First, two discs in my lower spine degenerated. Then, they herniated, both bulging out and impinging nerves, inciting an excruciating, sciatica-like pain that affected me around the clock. More than a year since my discs were damaged, pain has become my daily reality. I wake up stiff and sore as though I’ve just been hit by a car (having been hit by a car as a kid, I actually know what that feels like). The only thing I struggle with as much as the pain itself is finding the best way to treat it so that I can have a better quality of life.
For many people in my monthly chronic pain support group, opioids have offered them a lifeline by allowing them to engage in activities they couldn’t otherwise without assistance, including basic things like showering or grocery shopping. Some even credit opioids as the only medication that makes a dent in their pain after trying everything else. Yet, the opioid epidemic has also ushered in new rules that are restricting people from accessing their much-needed medication, as a Boston Globe article reported earlier this summer. Nevertheless, the epidemic is real and deadly, with opiate-related overdoses now claiming more lives each year than car accidents or guns—at a rate of approximately 20,0000 annually, according to the Centers for Disease Control and Prevention.
I am caught in the middle of the debate. I am a woman in chronic pain who fears she might someday need opioids for its management. I also come from a family in which drug addiction—particularly, to opioids—was not only present, but prevalent. My mother was a longtime heroin addict. Even after she managed to get off heroin with the help of methadone, she continued to do other non-opioid drugs like crack and cocaine. When she was diagnosed with terminal bone cancer in 2005, she was prescribed Dilaudid, an opiate that’s closely related to and considered as potent as heroin, despite her history of addiction. Being on this prescription medication not only caused her to spiral back into opioid addiction, but she passed many of her pills onto my brother, getting him hooked on them as well. When she finally died in 2010 and he no longer had access to her prescription, my brother suffered from debilitating withdrawal and took to the streets to procure hydromorphone pills or other substitutes, like OxyContin. It took him nearly a year to quit, with the help of drug counseling and a Suboxone regimen.
For someone like me, with a family history of—and therefore, presumably a strong genetic predisposition toward developing an—addiction, taking prescription opioids for pain seems like a Pandora’s box. Opening it could mean falling headfirst into addiction. However, it is also something that could potentially offer me much-needed relief from the constant pain that has begun to dictate my life. Considering that an estimated 23.5 million people are struggling with an addiction to one or more substances in the United States while 100 million suffer from chronic pain, there is bound to be an overlap of the two populations. And there is a reason why.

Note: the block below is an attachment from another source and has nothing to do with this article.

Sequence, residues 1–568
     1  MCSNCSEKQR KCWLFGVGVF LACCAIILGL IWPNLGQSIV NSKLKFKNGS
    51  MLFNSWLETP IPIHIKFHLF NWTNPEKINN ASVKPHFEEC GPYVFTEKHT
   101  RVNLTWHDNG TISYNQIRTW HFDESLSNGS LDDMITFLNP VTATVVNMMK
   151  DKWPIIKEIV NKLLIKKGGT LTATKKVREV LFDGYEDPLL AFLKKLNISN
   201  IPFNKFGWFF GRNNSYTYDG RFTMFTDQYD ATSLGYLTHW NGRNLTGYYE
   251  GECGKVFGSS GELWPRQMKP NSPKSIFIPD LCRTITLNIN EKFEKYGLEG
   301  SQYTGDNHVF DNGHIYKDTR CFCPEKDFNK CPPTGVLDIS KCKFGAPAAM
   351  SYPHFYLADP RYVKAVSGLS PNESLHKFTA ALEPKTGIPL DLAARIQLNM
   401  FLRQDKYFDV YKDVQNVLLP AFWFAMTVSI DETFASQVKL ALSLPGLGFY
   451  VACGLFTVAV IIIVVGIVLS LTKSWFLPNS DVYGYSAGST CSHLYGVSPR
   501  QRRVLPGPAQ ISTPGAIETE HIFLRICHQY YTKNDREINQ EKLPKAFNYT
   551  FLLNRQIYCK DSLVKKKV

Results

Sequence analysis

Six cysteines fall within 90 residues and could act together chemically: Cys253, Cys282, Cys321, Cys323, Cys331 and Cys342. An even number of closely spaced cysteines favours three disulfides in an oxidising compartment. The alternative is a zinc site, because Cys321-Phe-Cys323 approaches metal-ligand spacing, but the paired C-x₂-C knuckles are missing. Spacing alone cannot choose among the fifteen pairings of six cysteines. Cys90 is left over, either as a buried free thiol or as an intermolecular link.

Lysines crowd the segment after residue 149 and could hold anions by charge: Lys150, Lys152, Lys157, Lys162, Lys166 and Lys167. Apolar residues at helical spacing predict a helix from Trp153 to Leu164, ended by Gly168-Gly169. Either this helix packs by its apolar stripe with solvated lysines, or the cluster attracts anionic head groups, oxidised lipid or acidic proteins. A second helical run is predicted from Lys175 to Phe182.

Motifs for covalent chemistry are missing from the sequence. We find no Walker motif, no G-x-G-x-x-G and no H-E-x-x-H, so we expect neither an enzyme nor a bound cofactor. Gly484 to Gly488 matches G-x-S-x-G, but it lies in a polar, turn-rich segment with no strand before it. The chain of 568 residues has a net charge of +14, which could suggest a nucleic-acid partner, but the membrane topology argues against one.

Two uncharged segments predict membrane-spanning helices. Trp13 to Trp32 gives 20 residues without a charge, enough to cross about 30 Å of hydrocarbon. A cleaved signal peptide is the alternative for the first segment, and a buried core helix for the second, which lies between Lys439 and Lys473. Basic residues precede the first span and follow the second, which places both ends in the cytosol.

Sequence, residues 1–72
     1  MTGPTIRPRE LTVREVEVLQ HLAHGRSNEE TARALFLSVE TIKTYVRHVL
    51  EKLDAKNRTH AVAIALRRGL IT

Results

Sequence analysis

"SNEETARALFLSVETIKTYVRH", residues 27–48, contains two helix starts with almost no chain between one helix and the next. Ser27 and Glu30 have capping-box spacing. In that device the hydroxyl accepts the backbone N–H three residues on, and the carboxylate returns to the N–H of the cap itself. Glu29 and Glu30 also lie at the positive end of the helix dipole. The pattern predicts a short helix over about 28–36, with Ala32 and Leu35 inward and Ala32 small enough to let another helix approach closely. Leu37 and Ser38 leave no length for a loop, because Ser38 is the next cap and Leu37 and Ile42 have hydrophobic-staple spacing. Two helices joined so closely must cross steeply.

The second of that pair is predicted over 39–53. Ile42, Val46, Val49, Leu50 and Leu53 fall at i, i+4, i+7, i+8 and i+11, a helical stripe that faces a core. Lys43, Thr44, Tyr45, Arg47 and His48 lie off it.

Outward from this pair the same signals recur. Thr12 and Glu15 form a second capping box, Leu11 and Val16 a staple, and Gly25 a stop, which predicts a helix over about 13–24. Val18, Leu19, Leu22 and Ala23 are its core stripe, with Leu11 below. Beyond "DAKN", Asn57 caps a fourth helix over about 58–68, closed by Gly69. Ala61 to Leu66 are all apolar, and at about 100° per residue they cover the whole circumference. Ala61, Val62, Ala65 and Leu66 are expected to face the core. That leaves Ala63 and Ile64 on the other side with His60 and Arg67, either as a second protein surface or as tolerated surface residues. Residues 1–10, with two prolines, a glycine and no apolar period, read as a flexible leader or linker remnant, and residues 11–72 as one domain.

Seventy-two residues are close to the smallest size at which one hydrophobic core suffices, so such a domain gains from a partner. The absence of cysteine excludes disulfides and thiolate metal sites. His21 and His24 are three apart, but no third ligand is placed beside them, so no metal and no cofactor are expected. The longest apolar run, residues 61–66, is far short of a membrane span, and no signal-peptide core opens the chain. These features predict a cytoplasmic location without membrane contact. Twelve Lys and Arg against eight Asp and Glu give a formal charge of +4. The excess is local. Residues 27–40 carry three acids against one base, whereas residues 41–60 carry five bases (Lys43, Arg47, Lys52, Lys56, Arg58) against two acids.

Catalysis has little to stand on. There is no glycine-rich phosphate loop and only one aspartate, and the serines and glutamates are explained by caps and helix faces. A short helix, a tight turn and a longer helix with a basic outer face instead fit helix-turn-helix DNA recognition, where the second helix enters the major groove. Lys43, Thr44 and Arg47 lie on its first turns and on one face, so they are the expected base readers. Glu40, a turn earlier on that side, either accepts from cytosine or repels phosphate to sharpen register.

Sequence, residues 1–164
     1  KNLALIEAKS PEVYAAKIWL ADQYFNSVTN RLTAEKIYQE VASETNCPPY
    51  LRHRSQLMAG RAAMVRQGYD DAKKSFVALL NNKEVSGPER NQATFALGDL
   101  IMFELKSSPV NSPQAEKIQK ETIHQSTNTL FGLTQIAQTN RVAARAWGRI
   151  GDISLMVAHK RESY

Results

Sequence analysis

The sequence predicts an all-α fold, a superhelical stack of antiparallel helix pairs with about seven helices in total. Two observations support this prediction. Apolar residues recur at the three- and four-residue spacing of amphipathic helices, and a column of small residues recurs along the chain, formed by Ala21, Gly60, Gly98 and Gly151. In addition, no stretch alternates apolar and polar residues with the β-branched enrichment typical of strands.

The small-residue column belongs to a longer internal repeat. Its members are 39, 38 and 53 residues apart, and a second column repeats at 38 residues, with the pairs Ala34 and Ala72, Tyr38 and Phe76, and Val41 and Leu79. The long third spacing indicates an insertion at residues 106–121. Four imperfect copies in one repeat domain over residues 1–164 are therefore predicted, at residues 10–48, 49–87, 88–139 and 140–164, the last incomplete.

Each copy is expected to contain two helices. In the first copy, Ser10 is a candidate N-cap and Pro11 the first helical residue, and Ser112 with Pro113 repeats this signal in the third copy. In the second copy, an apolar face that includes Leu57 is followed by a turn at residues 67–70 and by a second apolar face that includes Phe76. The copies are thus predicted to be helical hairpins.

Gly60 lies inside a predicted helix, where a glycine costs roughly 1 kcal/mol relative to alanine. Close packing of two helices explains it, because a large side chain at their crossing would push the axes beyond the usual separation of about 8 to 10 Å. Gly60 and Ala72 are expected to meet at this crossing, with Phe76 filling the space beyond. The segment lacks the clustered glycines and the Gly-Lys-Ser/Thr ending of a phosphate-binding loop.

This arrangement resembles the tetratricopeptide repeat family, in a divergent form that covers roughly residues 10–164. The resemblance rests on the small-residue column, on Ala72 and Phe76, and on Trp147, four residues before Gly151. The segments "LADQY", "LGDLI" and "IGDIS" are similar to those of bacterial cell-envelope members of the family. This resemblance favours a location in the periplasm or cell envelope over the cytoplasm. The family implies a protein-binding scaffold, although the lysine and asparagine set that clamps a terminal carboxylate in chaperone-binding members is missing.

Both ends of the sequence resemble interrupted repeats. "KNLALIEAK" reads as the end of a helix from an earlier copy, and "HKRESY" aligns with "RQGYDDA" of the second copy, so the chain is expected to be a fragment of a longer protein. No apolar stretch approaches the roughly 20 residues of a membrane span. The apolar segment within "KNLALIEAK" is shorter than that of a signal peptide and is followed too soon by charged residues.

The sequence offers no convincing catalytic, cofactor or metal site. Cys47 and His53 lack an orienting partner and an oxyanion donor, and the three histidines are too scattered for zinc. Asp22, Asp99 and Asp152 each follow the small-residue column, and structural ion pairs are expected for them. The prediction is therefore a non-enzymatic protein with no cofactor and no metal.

“People with addiction [often] have real physical pain and we can't ignore it,” says Dr. Daniel Alford, Associate Professor at Boston University School of Medicine and Director of the Clinical Addiction Research and Education Unit at Boston Medical Center.
According to Alford, who specializes in opioid addiction and chronic pain management, many people who are using illegal drugs or misusing prescription drugs may actually be doing so as a way to relieve pain. In fact, a study co-authored by Alford and published this past May in the Journal of General Internal Medicine found that the vast majority of patients they surveyed who were misusing drugs also reported suffering from severe physical pain.
Specifically, of the 589 individuals who screened positive for substance use among a sample of 25,000 patients, 87 percent reported having chronic pain, including 50% reporting “severe” pain. For those who were using illegal drugs (marijuana, cocaine or heroin), more than half (51%) reported using one or more drugs specifically to alleviate physical pain, while 81 percent of those misusing prescription opioids either without a proper prescription or not as directed also reported the use as a treatment for pain.
This means that chronic pain that is left untreated or inadequately treated could be a risk factor for drug use. That being said, Alford believes that there are methods that can be applied to those who are at high risk for developing an addiction to their medication that will help decrease those odds while still successfully managing their pain.
In particular, when prescribing opioids to patients with chronic pain who are in recovery, Alford ensures that they are also actively involved in ongoing addiction treatment such as a 12-step program or addiction counseling. Alford also has patients in recovery present for random pill counts and urine drug testing. However, he notes that it’s important to do this in a respectful manner and make clear it is not about judgment or stigma, but simply a preventative measure to lower one’s risk of relapse.
“It’s like if I were prescribing medication for blood pressure that carries certain risks, especially based on a patient’s medical history, we need to monitor for safety, like having periodic blood tests,” says Alford. “This is really not that different.”